Suppose I have two threads A and B that are both incrementing a ~global~ variable "count". Each thread runs a for loop like this one:

for(int i=0; i<1000; i++)
    count++; //alternatively, count = count + 1;

i.e. each thread increments count 1000 times, and let's say count starts at 0. Can there be sync issues in this case? Or will count correctly equal 2000 when the execution is finished? I guess since the statement "count = count + 1" may break down into TWO assembly instructions, there is potential for the other thread to be swapped in between these two instructions? Not sure. What do you think?


Count clearly needs to be protected with a mutex or other synchronization mechanism.

At a fundamental level, the count++ statment breaks down to:

load count into register
increment register
store count from register

A context switch could occur before/after any of those steps, leading to situations like:

Thread 1:  load count into register A (value = 0)
Thread 2:  load count into register B (value = 0)
Thread 1:  increment register A (value = 1)
Thread 1:  store count from register A (value = 1)
Thread 2:  increment register B (value = 1)
Thread 2:  store count from register B (value = 1)

As you can see, both threads completed one iteration of the loop, but the net result is that count was only incremented once.

You probably would also want to make count volatile to force loads & stores to go to memory, since a good optimizer would likely keep count in a register unless otherwise told.

Also, I would suggest that if this is all the work that's going to be done in your threads, performance will dramatically drop from all the mutex locking/unlocking required to keep it consistent. Threads should have much bigger work units to perform.

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    Volatile does not force loads and stores to go to memory, not in the way implied here. Volatile lets the compiler know that for the variable in question, its value can change without the knowledge of the compiler, e.g. say a real-time clock. This means that the compiler will not rely on register copies of that value. It does not however prevent the CPU from, say, deferring the write of that cache line to memory for as long as it possibly can (which is what it will do, since memory writes destroy performance). – user82238 Jan 18 '11 at 21:58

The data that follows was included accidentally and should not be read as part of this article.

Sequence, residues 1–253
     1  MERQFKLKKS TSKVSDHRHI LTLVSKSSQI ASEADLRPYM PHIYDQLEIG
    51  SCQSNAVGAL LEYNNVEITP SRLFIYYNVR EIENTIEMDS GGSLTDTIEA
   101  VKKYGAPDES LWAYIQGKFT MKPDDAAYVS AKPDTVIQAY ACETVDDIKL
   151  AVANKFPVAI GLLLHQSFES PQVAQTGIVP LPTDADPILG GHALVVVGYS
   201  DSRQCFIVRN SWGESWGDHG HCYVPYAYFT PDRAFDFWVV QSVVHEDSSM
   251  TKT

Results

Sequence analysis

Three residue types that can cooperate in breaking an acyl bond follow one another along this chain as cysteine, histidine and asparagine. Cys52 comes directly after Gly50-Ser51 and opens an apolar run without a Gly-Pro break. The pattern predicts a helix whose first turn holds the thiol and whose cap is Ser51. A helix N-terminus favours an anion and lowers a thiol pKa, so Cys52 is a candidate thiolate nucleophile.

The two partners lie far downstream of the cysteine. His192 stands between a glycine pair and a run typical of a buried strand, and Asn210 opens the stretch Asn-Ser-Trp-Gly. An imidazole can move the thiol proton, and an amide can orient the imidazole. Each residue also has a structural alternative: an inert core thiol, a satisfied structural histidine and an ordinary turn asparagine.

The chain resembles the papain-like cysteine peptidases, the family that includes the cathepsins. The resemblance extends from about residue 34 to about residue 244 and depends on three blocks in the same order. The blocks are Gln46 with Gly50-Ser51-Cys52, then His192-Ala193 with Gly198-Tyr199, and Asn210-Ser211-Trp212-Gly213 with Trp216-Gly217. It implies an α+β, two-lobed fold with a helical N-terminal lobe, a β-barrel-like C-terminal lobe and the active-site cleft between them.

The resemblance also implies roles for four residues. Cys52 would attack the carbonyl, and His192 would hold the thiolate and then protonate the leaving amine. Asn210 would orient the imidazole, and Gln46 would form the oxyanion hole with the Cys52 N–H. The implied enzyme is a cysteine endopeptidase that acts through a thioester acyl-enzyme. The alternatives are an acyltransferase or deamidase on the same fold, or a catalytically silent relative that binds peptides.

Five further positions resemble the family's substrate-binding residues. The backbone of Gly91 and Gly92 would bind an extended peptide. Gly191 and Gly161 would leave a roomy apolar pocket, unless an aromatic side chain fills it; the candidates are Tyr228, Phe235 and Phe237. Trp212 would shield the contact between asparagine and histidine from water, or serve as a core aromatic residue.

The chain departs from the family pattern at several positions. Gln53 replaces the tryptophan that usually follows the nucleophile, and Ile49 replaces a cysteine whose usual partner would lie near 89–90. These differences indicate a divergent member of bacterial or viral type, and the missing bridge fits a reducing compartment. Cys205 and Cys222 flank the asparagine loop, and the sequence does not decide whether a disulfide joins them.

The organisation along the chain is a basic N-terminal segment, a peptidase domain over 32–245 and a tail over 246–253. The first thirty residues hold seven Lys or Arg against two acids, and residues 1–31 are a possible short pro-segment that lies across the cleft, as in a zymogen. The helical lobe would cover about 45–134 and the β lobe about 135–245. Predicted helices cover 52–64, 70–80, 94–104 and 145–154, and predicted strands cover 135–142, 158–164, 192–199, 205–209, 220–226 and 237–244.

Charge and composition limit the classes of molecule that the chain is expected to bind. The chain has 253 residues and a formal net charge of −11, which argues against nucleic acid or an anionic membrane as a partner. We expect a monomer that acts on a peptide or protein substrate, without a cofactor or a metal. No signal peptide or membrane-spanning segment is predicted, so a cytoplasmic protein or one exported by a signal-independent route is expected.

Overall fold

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    There is really nothing right about this answer. For one thing, there's absolutely no universal guarantee for all platforms that count++ breaks down into three operations. It might happen to on some platform or it might not. The answer goes downhill from there, IMO. – David Schwartz Feb 22 '19 at 0:08
  • @DavidSchwartz: Ok, I’ll bite. Would you suggest that no synchronization is needed here? – Drew Hall Feb 23 '19 at 20:25
  • Synchronization is needed here because the pthreads standard does not define what happens when one thread accesses an object while another thread is, or might be, modifying it. So unless this is platform-specific code and your platform has some special rules, you have no way to know what's going to happen. It could even crash. – David Schwartz Feb 24 '19 at 18:53
  • @DavidSchwartz I don’t disagree...my example was only intended to show one way that things could go wrong, as a means of motivating my response that synchronization was needed. – Drew Hall Feb 25 '19 at 3:22

Yes there can be sync issues in this case. You need to either protect the count variable with a mutex, or use a (usually platform specific) atomic operation.

Example using pthread mutexes

static pthread_mutex_t mutex = PTHREAD_MUTEX_INITIALIZER;

for(int i=0; i<1000; i++) {

Using atomic ops

There is a prior discussion of platform specific atomic ops here: UNIX Portable Atomic Operations

If you only need to support GCC, this approach is straightforward. If you're supporting other compilers, you'll probably have to make some per-platform decisions.


Yes, there can be sync problems.

As an example of the possible issues, there is no guarantee that an increment itself is an atomic operation.

In other words, if one thread reads the value for increment then gets swapped out, the other thread could come in and change it, then the first thread will write back the wrong value: